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Original Research ARTICLE

Front. Built Environ., 06 February 2018 |

Framing Failures in Wood-Frame Hip Roofs under Extreme Wind Loads

  • 1Boundary Layer Wind Tunnel Laboratory, Faculty of Engineering, University of Western Ontario, London, ON, Canada
  • 2Department of Civil and Environmental Engineering, University of Western Ontario, London, ON, Canada

Wood-frame residential roof failures are among the most common and expensive types of wind damage. Hip roofs are commonly understood to be more resilient during extreme wind in relation to gable roofs. However, inspection of damage survey data from recent tornadoes has revealed a previously unstudied failure mode in which hip roofs suffer partial failure of the framing structure. In the current study, evidence of partial framing failures and statistics of their occurrence are explored and discussed, while the common roof design and construction practice are reviewed. Two-dimensional finite element models are developed to estimate the element-level load effects on hip roof trusses and stick-frame components. The likelihood of failure in each member is defined based on relative demand-to-capacity ratios. Trussed and stick-frame structures are compared to assess the relative performance of the two types of construction. The present analyses verify the common understanding that toenailed roof-to-wall connections are likely to be the most vulnerable elements in the structure of a wood-frame hip roof. However, the results also indicate that certain framing members and connections display significant vulnerability under the same wind uplift, and the possibility of framing failure is not to be discounted. Furthermore, in the case where the roof-to-wall connection uses hurricane straps, certain framing members and joints become the likely points of failure initiation. The analysis results and damage survey observations are used to expand the understanding of wood-frame residential roof failures, as they relate to the Enhanced Fujita Scale and provide assessment of potential gaps in residential design codes.


The resilience of houses during extreme wind events is essential to ensure safety of occupants, minimize damage to internal contents, and lessen the financial burden on communities and insurance providers. Significant work has been completed to date to address commonly observed failure modes in residential structures. These are primarily related to the roof and wall cladding systems and the vertical load path between the structural components (van de Lindt et al., 2013). The majority of housing in North America consists of wood-frame, single-family homes (Amini and van de Lindt, 2014; Standohar-Alfano and van de Lindt, 2016). Residential roof failures, namely failure of roof-to-wall connections (RTWC) and loss of roof sheathing, have been studied extensively due to their high rate of occurrence during extreme wind events. The density of houses relative to other structures in any populated area leads to high costs associated with residential failures. For example, in Oklahoma since 1989, two-thirds of the $32 billion insured losses due to tornadoes are related to residential structures (Simmons et al., 2015).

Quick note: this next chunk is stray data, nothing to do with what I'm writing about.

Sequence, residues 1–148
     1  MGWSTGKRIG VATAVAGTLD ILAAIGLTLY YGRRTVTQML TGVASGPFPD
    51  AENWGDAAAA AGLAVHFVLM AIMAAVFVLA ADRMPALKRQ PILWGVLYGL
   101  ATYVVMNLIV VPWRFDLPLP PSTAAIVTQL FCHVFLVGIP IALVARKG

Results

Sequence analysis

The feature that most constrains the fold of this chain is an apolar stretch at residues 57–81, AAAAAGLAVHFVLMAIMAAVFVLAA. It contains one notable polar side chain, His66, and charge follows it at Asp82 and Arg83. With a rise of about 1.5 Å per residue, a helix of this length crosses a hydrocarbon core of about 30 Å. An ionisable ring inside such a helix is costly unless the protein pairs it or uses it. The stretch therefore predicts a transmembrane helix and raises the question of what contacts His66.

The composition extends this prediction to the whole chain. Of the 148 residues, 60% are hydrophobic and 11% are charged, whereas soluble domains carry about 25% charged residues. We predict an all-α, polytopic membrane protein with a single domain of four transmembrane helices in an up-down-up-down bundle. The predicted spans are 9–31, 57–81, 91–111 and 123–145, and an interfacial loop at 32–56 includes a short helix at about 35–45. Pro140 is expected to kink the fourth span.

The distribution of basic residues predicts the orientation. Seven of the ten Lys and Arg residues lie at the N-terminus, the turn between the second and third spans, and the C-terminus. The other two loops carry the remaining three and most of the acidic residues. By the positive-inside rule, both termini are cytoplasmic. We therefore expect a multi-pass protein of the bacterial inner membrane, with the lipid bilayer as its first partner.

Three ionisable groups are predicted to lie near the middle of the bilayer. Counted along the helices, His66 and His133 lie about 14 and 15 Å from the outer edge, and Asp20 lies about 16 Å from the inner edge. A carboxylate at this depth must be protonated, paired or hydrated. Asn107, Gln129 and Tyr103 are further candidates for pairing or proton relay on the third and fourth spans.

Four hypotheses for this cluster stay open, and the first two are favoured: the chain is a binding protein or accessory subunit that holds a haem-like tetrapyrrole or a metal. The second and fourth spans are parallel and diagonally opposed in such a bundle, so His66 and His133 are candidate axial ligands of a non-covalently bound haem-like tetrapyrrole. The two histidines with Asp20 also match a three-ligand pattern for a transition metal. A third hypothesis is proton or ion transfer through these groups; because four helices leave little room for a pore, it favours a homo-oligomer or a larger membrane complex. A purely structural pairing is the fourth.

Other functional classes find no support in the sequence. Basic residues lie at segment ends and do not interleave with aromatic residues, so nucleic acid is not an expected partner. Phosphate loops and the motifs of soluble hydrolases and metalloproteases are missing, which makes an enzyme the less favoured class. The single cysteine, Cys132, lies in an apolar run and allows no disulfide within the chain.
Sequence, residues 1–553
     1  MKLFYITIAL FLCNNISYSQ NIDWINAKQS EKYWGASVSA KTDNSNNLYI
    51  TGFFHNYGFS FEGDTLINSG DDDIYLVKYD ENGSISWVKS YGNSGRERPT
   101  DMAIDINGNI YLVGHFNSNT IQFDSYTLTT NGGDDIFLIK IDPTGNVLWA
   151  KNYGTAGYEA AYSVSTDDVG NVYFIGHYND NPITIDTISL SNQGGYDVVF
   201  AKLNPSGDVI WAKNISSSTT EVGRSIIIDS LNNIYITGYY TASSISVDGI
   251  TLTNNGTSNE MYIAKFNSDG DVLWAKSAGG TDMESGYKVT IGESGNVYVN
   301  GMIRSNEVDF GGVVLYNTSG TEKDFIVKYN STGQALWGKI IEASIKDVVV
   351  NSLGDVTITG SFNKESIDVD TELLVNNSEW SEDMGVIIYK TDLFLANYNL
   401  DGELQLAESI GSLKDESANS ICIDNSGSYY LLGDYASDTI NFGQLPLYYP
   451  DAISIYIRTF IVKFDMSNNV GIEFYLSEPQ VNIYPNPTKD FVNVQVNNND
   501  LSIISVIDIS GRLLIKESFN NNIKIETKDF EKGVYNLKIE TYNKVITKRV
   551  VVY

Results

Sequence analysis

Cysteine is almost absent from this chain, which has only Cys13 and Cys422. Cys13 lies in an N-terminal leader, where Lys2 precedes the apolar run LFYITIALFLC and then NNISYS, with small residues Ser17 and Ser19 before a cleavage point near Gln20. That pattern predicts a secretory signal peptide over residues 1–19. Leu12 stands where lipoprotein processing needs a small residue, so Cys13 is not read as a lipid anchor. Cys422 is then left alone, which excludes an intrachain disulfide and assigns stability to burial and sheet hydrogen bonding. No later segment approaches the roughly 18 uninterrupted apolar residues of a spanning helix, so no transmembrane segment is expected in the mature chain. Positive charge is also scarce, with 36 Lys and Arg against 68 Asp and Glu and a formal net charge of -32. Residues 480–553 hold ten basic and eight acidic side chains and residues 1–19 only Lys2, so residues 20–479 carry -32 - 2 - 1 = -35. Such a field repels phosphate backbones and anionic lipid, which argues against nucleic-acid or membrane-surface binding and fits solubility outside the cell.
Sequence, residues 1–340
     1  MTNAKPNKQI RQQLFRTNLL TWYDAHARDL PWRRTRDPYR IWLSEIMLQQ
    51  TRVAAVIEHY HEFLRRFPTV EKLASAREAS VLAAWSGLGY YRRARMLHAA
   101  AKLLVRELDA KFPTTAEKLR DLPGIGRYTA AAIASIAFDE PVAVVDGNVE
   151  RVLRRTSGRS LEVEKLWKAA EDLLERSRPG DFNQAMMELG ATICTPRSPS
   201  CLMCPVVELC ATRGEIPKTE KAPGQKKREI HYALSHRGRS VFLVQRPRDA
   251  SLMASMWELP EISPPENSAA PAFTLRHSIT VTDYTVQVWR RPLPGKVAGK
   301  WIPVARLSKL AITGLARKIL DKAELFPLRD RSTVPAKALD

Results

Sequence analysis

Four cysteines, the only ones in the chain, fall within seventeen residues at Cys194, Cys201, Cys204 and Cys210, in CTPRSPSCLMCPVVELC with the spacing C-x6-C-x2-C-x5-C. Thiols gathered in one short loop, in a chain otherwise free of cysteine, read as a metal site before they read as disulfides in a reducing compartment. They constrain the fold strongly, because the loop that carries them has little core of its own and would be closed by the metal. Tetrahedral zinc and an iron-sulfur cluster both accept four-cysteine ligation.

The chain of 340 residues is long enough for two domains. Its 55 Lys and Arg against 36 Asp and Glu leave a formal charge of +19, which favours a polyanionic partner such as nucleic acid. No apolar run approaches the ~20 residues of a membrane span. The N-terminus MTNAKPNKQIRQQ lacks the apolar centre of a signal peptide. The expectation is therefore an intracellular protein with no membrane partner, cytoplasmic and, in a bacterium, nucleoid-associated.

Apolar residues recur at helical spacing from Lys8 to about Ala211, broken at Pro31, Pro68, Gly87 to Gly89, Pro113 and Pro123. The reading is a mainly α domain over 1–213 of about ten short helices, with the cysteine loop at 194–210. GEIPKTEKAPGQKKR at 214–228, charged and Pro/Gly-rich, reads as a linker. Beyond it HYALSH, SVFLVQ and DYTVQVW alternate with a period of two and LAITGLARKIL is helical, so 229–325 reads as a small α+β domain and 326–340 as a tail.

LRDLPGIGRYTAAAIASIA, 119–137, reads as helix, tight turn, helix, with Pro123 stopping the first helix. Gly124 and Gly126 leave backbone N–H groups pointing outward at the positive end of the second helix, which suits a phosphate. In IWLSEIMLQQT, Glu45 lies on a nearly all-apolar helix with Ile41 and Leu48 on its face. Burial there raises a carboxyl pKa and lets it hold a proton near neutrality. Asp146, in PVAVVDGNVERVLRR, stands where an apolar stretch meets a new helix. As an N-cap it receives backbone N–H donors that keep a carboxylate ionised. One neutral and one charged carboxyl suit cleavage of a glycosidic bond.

Work to mitigate failures in wood-framed residential roofs is important because loss of a single sheathing panel, which can occur at relatively low wind speeds, will allow for water ingress. This often leads to loss of the entire contents due to heavy rainfall that accompanies windstorms (Sparks et al., 1994). Observations recorded during post-storm damage surveys have previously led to the identification of important failure trends in various building components. Repetitive failures of similar components suggest that widespread mitigation is possible through improved design approaches and innovative solutions.

The standardized method for assessing wind speeds in tornadoes is the Enhanced Fujita (EF) Scale, which is based on damage observations since it is not generally feasible to measure wind speeds in tornadoes directly (Kopp et al., 2012). The current version of the EF-Scale (Wind Science and Engineering Centre, 2006) provides wind speed estimates for 28 categories of common structures and vegetation, referred as damage indicators (DIs). Under each DI, the EF-Scale utilizes the concept of degrees of damage (DOD). DODs describe the sequential modes of damage that have been typically observed to occur for particular DIs. Each DOD is associated with a minimum, maximum, and expected wind speed. These values represent the range of estimated wind speeds required to cause the specified damage (Wind Science and Engineering Centre, 2006; Mehta, 2013). They can be related back to the EF-Scale wind speeds to estimate the intensity of a tornado, from EF0 to EF5. In the present study, the DI for one- and two-family residences (FR12) is of particular interest. The DODs of FR12 that are relevant to roof failures are DOD-4 and DOD-6, which are described in Table 1. DOD-7, relating to wall collapse, is also included because it occurs within a similar range of wind speeds as DOD-6 and can often occur as a result of roof failure.